Portland Guitar Co.

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Portland Guitar Co. | Portland Oregon | Contact Jay Dickinson-503.245.3276 | jay@portlandguitar.com


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Finished Build

Electro-Spanish Small Jumbo

Serial # ESJ 2.1.56

Body: Figured Walnut
Top: Sitka Spruce
Neck: Walnut
Binding: White
Fretboard: Indian Rosewood
Hardware: Gold
Pickups: Vintage Humbucking

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( 203 ) 1-Jan-2013

In this picture I am using my milling machine (I love my milling machine) to carve out the volute. The volute has all these complex angles and curves,,, the milling machine makes the job a little bit easier.

( 204 ) 1-Jan-2013

The roughed out volute. The volute was traditionally used to reinforce the joint between the neck and the headstock. In this case the volute is purely decorative as the neck is carved from a singal piece of wood. Actually to pieces glued together down the centerline.

( 205 ) 1-Jan-2013

I use the idler pulley on my belt sander to do some of the rough shaping on the neck.

( 206 ) 1-Jan-2013

After I get close to the final shape I use a variety of hand sanders to finalize the shape of the neck.

( 207 ) 1-Jan-2013

Here I am working on the volute.

( 208 ) 1-Jan-2013

Here I am drilling the holes for the wood inserts that will be used to bolt the neck to the body.

( 209 ) 1-Jan-2013

A couple of brass inserts will help make a solid connection.

( 210 ) 1-Jan-2013

Two flat head 1/4-20 bolts make the final connection.

( 211 ) 1-Jan-2013

To make a tailpiece that will stand the test of time, I start with a brass core. I don't want to depend on the wood to withstand the the 140 pounds of tension from the strings.

( 212 ) 1-Jan-2013

The business end of the core has a lip that will catch the ball end of the strings.

( 213 ) 1-Jan-2013

I surround the brass core with Indian Rosewood that matches the rest of the drive chain.

( 214 ) 1-Jan-2013

I used a small saw to cut the slots for the strings.

( 215 ) 1-Jan-2013

And then finally I use the oscillating sander and hand tools to finish shaping the tail piece.

( 216 ) 1-Jan-2013

I like to counter sink the tuning machine washers. Here I am using the drill press to drill out the holes.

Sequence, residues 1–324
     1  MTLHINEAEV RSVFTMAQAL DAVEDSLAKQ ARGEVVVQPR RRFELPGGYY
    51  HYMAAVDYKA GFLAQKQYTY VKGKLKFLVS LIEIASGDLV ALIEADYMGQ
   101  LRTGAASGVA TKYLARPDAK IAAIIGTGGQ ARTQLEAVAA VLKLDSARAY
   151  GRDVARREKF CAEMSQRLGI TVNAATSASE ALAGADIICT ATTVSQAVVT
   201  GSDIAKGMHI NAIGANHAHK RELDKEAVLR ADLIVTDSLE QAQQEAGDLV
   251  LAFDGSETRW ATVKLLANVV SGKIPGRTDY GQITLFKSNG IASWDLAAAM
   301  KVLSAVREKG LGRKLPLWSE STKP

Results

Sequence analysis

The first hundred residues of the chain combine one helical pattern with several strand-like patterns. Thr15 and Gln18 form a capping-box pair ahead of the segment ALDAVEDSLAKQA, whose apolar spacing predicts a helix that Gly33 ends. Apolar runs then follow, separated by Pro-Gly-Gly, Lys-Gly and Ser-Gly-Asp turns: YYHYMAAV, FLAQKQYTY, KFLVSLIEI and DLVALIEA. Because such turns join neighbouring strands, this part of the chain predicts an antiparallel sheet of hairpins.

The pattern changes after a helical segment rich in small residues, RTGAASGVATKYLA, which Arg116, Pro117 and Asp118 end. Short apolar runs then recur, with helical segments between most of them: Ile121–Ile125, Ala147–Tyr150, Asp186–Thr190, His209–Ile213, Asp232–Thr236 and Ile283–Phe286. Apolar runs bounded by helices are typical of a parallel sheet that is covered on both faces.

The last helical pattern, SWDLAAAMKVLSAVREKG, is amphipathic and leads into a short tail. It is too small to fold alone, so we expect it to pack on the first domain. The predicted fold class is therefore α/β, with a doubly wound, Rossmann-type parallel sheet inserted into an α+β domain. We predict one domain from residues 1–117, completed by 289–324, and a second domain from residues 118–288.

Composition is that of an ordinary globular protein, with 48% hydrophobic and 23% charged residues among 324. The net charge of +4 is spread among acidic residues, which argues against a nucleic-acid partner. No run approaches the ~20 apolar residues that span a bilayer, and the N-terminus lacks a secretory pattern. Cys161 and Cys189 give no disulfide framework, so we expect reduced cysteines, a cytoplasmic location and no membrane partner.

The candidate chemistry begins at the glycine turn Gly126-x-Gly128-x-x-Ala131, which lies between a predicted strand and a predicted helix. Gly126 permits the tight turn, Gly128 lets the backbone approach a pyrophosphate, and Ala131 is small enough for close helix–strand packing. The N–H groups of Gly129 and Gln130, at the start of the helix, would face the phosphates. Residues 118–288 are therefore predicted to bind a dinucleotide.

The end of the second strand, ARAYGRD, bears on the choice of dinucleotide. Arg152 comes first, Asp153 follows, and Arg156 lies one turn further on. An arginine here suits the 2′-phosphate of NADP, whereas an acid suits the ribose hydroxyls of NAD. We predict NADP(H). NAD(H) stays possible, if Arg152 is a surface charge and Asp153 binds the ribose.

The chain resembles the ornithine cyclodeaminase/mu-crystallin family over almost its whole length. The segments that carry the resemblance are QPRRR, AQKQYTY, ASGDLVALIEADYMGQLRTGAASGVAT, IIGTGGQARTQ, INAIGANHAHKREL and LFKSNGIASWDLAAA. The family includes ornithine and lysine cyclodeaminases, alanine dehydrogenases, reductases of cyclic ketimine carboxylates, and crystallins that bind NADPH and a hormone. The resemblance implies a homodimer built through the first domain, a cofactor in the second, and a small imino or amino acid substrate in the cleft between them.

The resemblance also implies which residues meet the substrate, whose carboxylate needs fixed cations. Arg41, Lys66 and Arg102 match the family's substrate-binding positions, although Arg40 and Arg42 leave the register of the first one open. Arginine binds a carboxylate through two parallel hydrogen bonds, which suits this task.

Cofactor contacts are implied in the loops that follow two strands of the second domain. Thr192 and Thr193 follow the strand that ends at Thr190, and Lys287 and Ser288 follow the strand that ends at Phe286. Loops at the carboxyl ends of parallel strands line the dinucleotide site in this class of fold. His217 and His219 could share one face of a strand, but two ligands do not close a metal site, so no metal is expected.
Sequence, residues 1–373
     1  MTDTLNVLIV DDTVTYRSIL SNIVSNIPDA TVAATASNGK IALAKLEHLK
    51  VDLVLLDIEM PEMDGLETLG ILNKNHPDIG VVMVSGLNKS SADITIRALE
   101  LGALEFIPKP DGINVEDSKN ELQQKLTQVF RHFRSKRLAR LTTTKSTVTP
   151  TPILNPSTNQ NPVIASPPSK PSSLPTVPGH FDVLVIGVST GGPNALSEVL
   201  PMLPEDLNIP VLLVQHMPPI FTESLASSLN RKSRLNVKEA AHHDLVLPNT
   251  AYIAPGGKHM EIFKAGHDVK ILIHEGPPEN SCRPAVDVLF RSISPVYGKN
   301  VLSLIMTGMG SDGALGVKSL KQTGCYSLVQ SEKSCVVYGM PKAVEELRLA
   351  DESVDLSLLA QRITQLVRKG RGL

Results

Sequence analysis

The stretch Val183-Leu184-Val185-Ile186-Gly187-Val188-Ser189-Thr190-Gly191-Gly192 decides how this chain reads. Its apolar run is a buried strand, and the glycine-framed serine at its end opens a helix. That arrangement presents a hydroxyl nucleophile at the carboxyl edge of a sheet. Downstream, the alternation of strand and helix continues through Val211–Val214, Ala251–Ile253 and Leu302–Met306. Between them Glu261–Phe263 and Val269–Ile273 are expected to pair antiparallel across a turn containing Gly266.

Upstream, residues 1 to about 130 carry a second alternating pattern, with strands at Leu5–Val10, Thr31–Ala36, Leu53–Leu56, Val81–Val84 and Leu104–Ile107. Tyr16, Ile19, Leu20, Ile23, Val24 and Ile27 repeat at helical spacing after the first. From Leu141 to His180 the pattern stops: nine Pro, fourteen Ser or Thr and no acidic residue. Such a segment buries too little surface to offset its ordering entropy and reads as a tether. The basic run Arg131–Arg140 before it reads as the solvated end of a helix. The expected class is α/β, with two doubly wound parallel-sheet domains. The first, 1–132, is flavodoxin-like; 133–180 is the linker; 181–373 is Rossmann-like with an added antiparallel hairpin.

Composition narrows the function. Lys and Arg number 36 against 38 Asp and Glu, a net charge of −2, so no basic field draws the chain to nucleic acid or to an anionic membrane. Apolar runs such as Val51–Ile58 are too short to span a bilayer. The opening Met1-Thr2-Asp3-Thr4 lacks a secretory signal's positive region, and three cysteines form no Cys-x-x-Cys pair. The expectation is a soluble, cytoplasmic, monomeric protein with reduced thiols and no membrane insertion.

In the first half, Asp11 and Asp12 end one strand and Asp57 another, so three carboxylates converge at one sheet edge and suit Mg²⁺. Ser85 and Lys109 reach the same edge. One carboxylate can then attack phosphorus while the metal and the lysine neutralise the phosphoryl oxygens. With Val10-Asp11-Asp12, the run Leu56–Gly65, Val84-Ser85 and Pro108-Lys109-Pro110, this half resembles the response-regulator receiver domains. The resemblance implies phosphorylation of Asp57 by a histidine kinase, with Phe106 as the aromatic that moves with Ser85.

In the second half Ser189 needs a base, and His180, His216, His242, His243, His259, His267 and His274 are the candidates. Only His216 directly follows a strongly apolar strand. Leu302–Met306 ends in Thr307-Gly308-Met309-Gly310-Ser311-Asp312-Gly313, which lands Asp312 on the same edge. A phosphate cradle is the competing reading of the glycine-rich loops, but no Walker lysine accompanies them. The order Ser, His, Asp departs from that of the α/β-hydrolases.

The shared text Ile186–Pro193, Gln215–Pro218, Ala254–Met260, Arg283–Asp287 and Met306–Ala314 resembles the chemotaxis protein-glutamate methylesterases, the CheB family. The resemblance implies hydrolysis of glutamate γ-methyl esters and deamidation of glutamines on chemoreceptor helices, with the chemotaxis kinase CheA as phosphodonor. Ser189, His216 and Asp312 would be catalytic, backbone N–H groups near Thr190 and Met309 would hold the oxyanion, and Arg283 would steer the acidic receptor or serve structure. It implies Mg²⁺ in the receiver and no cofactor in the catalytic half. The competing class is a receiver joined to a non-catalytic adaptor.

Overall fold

( 217 ) 1-Jan-2013

The Gotoh 510 tuning machines give a smooth sophisticated look and have exceptional action.

( 218 ) 1-Jan-2013

Now to finish up the head stock I inlay the Portland Guitar Jasmine Rose. My daughter, Jasmine Rose, designed the rose for me several years ago, ergo the name. I am going to use a routing pantograph to create the channel for the gold wire inlay. In this picture I have applied a couple of strips of turner's tape - very strong double stick tape - to hold the the head stock in place.

( 219 ) 1-Jan-2013

The head stock gets mounted on a board that I can position and then lock down. Here you see the router resting on top of the head stock.

( 220 ) 1-Jan-2013

To guide the router I have created an oversized template with a channel to guide the stylist.

( 221 ) 1-Jan-2013

Here is the business end of the pantograph. I carefully set the depth of the cut to match the size if the wire I will inlay.

( 222 ) 1-Jan-2013

And here is a picture of the whole set up. A pantograph is an old school tool that allows a high fidelity copy to be made while reducing the size of the original. It is essentially a four bar linkage with a platten to mount a router.

( 223 ) 1-Jan-2013

The system does a good job of guiding the router... much better than I can do free hand.

( 224 ) 1-Jan-2013

Here I have laid out the tools I will use to inlay the gold wire.

( 225 ) 1-Jan-2013

I carefully bend and shape the wire to fit into the channels.

( 226 ) 1-Jan-2013

And a bit of cyanoacrylate glue fixes everything in place and fills any gaps that might exist.

( 227 ) 1-Jan-2013

Finally I use progressively finer sandpaper to sand the wire flush to the surface.

( 228 ) 1-Jan-2013

A dry run at the assembled guitar.

( 229 ) 1-Jan-2013